2001-04-22 - 11:16 p.m.
I know it's not nice of me to laugh at another person's trauma, but I think Badsnake can more than deal. Among other things, she can laugh right back at me: at least she knows what to do with her hair. I keep wavering between going back to my bob or growing it back down to my waist - I'm too lazy for anything fussier, yet I'm bored with those two styles. I'll probably grow it long because it's the easier option of the two (fewer salon visits) and I miss my hair toys, but I may well lose patience and suddenly succumb to the urge to get bobbed when it's 90 F and 90% humidity - or when I look in the mirror and see a frump. Oh, the indecision. Oh, the trauma. (Don't you hear the violins thrumming away?)
As I type this, the puppy is half-curled around my stool, snoozing. Thank goodness. After church, I stopped by Petsmart to pick up some chews: for a few minutes, I was overwhelmed by all of the choices. (Our previous dog was eight years old when we adopted her, so I've never actually gone shopping for a baby canine before.) It got much easier once I realized that many of the "bones" and toys were manufactured in China (even the ones with French-language labels), since that reduced my options down to 25% of the offerings, which was still plenty (Kong toys are made in the US - hurrah!). For much of the afternoon, Abby gamboled about with her giant rawhide chip and her fluffy pink squeaky-bone. I've now taken the pink squeaker away, as its seams weren't sturdy enough for puppy teeth - I may sew it back up later, but I'll first have to check if any of the thread in my toolbox is strong enough.
She's gradually grasping the concept of "down" - it has to be retaught to her now and again, but she now understands that when I don't reward her immediately after a good "sit," I'm waiting for her to lie down. Being full of puppy-ness, however, she doesn't lie down quietly - she stretches up and then flops back down with an audible thud.
She's so funny. She's so soft. She's so cute...
More library books, including some from a Unitarian Universalist editor (Jennifer Bosveld).
I considered skipping church this morning. The newsletter had listed "Knowing Jesus - Perhaps for the First Time" as the scheduled sermon; I was thinking I'd rather stay home and sleep in. It turned out to be worthwhile, though - aside from the comfort of community ritual ("Listen, listen to the sound of the bell..."), the sermon turned out to be engagingly provocative, what with the guest minister (Rev. Calvin Knapp) noting that the historical Jesus was probably illiterate ("with the IQ of genius. Now imagine that combination..."), that there is no Scriptural evidence that Mary Magdalene was a reformed prostitute, that Robert F. Kennedy might have been as great as Gandhi and MLK had he lived longer, that Jesus's order to the Jews to the Samaritans could be considered the equivalent of a modern-day preacher telling us "You must love the Nazis," and more. He quietly suggested that the body of the historical Jesus rotted after entombment, but that the dreams and visions and hallucinations of the grieving Apostles and other admirers then became the story of Christ - a suggestion he made not in scorn but in wonder, at the awesome power of the story.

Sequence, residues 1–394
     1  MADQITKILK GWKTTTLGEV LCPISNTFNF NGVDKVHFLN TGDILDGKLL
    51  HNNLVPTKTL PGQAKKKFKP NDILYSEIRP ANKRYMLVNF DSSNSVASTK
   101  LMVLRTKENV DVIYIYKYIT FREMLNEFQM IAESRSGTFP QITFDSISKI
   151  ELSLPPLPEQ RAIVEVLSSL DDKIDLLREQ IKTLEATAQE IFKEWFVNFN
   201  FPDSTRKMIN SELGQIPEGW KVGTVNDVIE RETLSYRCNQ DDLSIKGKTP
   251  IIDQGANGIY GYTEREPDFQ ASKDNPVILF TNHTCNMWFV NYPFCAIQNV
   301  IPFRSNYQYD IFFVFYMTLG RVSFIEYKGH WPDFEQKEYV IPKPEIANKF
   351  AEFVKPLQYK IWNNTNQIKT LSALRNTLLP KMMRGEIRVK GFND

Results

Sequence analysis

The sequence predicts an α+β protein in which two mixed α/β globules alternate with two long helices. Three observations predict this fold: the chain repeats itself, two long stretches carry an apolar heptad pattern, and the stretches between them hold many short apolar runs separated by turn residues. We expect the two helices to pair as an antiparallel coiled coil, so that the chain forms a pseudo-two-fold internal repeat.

As I drove home, I was thinking that it would be a good afternoon to read some sort of criticism or meditation on either the New Testament and/or service; when I arrived home, I read Dichroic's entry on The Quaker Book of Wisdom and realized that it would be exactly right for my mood (my copy had been sitting up in my upstairs bathroom for many months, partially read).
Reading through the book, there were several instances where I found myself thinking, "Hey, he's describing Unitarian Universalist congregations!" Here's one of them:
All Meetings are different. At some, quoting from the Gospels is commonplace. In others, most messages draw a relationship between an event in everyday life and a shared moral or social concern. Friends in large urban and suburban areas that offer several options often shop around before joining a Meeting that suits their tastes. One Meeting might seem to them more spiritual. One more action oriented. Does this Meeting have many young converts? Is that one particularly welcoming to gay and lesbian members? Does another have members whose "ministry" is consistently meaningful? Or does it tend to have "popcorn" meetings, where men and women -- often riled up about a current issue or an article they read in the morning paper -- keep "popping up" with messages that are political rather than spiritual?
Create in us the splendor that dawns when hearts are kind,
We extinguish this flame, but not the light of truth, the warmth of community, or the fire of commitment. These we carry in our hearts until we are together again.
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